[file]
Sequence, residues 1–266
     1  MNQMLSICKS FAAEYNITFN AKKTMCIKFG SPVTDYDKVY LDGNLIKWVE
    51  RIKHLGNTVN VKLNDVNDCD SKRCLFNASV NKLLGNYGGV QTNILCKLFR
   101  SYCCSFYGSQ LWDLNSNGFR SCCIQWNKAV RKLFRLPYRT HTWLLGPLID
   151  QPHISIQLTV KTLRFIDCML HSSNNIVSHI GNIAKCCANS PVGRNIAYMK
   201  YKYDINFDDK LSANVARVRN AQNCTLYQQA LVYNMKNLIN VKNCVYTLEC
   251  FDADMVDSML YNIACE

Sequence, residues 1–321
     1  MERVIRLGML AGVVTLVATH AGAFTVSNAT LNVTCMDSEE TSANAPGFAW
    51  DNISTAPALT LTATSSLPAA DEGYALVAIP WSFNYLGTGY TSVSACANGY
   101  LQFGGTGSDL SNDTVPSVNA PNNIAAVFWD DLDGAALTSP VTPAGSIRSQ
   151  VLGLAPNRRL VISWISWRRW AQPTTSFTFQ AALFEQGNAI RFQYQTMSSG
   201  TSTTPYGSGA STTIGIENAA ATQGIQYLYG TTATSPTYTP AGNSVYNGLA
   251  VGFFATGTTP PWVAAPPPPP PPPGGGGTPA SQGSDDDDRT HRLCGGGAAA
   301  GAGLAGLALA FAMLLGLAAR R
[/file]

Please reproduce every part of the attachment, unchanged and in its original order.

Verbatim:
Sequence, residues 1–266
     1  MNQMLSICKS FAAEYNITFN AKKTMCIKFG SPVTDYDKVY LDGNLIKWVE
    51  RIKHLGNTVN VKLNDVNDCD SKRCLFNASV NKLLGNYGGV QTNILCKLFR
   101  SYCCSFYGSQ LWDLNSNGFR SCCIQWNKAV RKLFRLPYRT HTWLLGPLID
   151  QPHISIQLTV KTLRFIDCML HSSNNIVSHI GNIAKCCANS PVGRNIAYMK
   201  YKYDINFDDK LSANVARVRN AQNCTLYQQA LVYNMKNLIN VKNCVYTLEC
   251  FDADMVDSML YNIACE

Sequence, residues 1–321
     1  MERVIRLGML AGVVTLVATH AGAFTVSNAT LNVTCMDSEE TSANAPGFAW
    51  DNISTAPALT LTATSSLPAA DEGYALVAIP WSFNYLGTGY TSVSACANGY
   101  LQFGGTGSDL SNDTVPSVNA PNNIAAVFWD DLDGAALTSP VTPAGSIRSQ
   151  VLGLAPNRRL VISWISWRRW AQPTTSFTFQ AALFEQGNAI RFQYQTMSSG
   201  TSTTPYGSGA STTIGIENAA ATQGIQYLYG TTATSPTYTP AGNSVYNGLA
   251  VGFFATGTTP PWVAAPPPPP PPPGGGGTPA SQGSDDDDRT HRLCGGGAAA
   301  GAGLAGLALA FAMLLGLAAR R